In short, this is a solidly successful attempt at infusing a cancer dramedy with Knocked Up-style Apatowishness — the lowbrow humor, the wry observations, the bromance — and it’s totally fine for what it is. Joseph Gordon-Levitt’s character here is mostly indistinguishable from his turn in (500) Days of Summer — he’s the good guy bad things happen to — and Seth Rogen’s character here is mostly indistinguishable from, well, Seth Rogen. Given this, your mileage may vary.
My main problem with 50/50 is that it telegraphs its characters’ arcs from the beginning. Gordon-Levitt’s original girlfriend, here played by Bryce Dallas Howard, is just a little too unsympathetic from Jump Street — you know she’ll be out the door by Act 2 — while Anna Kendrick’s helpful therapist is so gosh-darned winsome that it’s no surprise she eventually ends up taking her work home with her. 50/50 would’ve been more interesting, I think, if Howard’s character was a reasonably sweet individual who was just overwhelmed by the burdens of the situation. But that’s now how we’re playing it here.
Otherwise, 50/50 has its moments — I particularly liked JGL’s two stoner/chemo buddies, Phillip Baker-Hall and Matt Frewer (getting typecast as a cancer patient?) And, when the film grows darker in its third reel, it feels reasonably well-earned. All in all, 50/50 is a perfectly benign fall date movie.
Boasting a retro feel, catchy synth-pop soundtrack, New Wave credit stylings, and Lynchian bursts of graphic violence, Nicholas Winding Refn’s Drive basically attempts to be a high-minded, crazysexycool throwback to the Cinemax thrillers of yesteryear. (Put simply, what The American was to the European arthouse, this film — despite its nods to 70’s flicks like Vanishing Point and Two-Lane Blacktop — is to 80’s trash.) In this regard, Drive is half-successful: It’s well-made, stylish, and often-entertaining trash for sure. At the same time, the movie fails to live up to the promise of its first hour or so, and ended up feeling a bit hollow.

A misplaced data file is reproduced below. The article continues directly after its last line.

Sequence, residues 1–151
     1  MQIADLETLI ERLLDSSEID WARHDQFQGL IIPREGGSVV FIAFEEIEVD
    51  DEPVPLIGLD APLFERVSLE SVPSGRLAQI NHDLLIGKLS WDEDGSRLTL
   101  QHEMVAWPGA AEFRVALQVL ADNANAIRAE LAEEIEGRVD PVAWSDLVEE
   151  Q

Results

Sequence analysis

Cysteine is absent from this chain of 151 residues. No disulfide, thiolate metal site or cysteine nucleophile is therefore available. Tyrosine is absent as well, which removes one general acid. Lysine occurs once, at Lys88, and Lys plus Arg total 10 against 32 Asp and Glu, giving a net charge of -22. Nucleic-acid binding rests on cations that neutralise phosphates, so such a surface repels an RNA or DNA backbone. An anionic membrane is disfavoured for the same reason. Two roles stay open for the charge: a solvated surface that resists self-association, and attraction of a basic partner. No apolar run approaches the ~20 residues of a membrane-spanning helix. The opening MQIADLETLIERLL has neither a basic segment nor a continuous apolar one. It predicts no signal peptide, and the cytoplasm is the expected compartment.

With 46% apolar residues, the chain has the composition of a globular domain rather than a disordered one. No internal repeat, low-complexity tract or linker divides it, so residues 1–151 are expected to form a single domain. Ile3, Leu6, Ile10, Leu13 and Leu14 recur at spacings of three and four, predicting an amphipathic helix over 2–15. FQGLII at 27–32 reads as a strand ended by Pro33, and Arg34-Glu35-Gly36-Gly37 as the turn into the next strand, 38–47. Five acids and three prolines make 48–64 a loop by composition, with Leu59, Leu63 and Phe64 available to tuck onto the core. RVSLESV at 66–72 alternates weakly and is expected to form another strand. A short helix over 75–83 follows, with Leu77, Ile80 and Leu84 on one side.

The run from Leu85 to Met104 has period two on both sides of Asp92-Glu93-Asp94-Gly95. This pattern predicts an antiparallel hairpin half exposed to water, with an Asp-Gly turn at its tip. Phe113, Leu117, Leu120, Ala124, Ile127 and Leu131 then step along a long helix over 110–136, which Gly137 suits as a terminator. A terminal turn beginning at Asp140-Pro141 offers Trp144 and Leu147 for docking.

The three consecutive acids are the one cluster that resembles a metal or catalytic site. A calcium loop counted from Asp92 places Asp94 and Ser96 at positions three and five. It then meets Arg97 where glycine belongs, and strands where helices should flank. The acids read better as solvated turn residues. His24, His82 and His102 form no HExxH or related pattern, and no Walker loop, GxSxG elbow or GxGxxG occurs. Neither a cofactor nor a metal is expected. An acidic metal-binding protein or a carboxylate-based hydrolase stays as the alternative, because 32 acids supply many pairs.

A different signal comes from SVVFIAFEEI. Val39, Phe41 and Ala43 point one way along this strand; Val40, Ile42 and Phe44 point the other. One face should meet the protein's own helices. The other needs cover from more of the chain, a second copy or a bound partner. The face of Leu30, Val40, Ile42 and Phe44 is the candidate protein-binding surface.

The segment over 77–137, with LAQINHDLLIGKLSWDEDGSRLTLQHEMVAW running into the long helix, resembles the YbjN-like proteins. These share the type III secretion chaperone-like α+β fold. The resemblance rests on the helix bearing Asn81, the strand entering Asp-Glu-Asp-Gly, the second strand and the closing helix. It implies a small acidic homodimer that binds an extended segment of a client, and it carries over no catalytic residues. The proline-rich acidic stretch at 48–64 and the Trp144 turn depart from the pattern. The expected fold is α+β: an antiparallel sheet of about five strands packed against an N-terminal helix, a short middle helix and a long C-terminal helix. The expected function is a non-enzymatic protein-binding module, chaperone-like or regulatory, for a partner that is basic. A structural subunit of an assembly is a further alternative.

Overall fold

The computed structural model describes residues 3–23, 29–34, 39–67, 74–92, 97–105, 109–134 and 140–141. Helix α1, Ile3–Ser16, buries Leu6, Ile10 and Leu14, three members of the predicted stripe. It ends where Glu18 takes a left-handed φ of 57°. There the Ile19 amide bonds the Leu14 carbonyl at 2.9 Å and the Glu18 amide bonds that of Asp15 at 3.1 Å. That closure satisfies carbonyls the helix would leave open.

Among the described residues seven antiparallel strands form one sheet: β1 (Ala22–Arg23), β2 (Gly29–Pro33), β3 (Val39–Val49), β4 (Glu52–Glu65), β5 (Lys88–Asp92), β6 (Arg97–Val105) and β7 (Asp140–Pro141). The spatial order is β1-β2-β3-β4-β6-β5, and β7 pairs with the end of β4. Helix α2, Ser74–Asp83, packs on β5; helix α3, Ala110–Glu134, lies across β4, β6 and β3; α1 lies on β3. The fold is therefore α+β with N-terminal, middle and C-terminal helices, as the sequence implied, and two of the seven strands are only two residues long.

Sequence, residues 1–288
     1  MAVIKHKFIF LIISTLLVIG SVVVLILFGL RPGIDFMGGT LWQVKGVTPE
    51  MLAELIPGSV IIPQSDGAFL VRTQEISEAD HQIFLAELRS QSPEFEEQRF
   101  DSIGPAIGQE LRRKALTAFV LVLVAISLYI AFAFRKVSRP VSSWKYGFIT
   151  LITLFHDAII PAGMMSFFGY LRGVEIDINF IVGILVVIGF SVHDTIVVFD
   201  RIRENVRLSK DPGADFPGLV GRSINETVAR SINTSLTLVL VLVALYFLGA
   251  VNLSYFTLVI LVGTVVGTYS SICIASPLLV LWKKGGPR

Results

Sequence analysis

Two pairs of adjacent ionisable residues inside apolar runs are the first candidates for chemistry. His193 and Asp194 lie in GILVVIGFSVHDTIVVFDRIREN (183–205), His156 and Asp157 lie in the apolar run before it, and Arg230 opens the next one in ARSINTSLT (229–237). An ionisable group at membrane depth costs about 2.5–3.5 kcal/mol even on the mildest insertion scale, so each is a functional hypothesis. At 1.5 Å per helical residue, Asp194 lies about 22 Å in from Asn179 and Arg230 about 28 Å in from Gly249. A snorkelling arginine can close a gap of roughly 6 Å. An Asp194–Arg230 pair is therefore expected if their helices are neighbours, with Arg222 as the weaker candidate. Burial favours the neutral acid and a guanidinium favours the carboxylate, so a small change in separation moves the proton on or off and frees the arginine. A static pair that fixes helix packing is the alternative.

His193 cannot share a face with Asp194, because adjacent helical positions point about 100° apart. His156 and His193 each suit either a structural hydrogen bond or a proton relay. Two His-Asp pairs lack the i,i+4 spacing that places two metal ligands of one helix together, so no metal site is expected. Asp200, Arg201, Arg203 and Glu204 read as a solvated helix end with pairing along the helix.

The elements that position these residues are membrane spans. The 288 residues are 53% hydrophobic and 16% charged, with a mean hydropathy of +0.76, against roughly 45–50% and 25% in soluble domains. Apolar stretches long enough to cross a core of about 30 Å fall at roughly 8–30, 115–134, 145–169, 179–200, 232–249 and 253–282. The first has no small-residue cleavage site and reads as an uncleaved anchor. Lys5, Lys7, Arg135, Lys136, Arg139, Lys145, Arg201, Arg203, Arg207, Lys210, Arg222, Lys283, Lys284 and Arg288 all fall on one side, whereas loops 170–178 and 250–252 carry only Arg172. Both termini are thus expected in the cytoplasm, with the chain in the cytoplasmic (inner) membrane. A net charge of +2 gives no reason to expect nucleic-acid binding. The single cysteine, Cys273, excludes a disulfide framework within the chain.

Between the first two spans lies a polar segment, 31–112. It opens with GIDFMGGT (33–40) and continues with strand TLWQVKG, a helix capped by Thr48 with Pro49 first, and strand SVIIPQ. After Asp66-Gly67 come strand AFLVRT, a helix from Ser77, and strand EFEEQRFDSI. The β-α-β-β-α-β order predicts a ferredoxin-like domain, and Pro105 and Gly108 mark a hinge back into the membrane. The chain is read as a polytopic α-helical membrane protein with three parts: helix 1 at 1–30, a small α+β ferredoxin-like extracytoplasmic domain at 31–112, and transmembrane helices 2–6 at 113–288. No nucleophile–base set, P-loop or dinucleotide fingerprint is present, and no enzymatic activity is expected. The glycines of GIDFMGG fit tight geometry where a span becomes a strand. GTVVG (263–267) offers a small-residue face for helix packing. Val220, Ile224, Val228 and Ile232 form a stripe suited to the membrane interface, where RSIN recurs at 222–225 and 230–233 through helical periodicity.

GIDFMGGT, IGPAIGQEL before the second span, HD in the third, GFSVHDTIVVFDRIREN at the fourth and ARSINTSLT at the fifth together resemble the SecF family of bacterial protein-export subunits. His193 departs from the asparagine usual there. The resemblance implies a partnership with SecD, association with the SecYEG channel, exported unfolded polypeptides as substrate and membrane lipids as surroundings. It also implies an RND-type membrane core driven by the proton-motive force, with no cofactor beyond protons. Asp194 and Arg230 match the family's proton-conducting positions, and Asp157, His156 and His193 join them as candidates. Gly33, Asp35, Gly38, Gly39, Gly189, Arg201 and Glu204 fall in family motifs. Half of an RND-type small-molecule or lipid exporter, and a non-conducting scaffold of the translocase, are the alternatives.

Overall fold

It doesn’t help that the film probably peaks in its opening minutes, when — after it is quickly established that our main character (Ryan Gosling) is a wizard behind the wheel who moonlights in LA as a getaway driver — we watch him conduct a nighttime job to the Chromatics’ “Tick of the Clock.” Rather than go all Grand Theft Auto in fleeing the scene of a warehouse robbery, Gosling’s Driver (yes, that’s his name) specializes in subtlety, misdirection, and knowing the lay of the land better than the cops do — More often, he’s just hiding the car rather than gunning it…and why is he listening to that Clippers game the whole time? (There’s a reason, and it’s a smart reveal.)
As it happens, Driver’s day jobs are Hollywood stunt man and mechanic for Shannon, a fatherly but perpetually unlucky grifter (Bryan Cranston). Recognizing the kid’s obvious talent, Shannon has been forging alliances with local gangland kingpins Bernie (Albert Brooks) and Nino (Ron Perlman) – who crushed Shannon’s pelvis for non-payment years earlier — to raise the money to get his charge into stock-car racing. While this plays out, Driver begins to woo Irene, the cute single mother next door (Carey Mulligan). (This usually involves Gosling stoically doting over her ten-year-old son.) But all plans get thrown for a curve when Irene’s ex-husband (Oscar Isaac) is released from the joint, with one last bit of unfinished business ahead of him — business that will, despite the hugely unlikely odds of such a coincidence, bring Driver’s work and home lives crashing together like a multiple vehicle pile-up on the 405…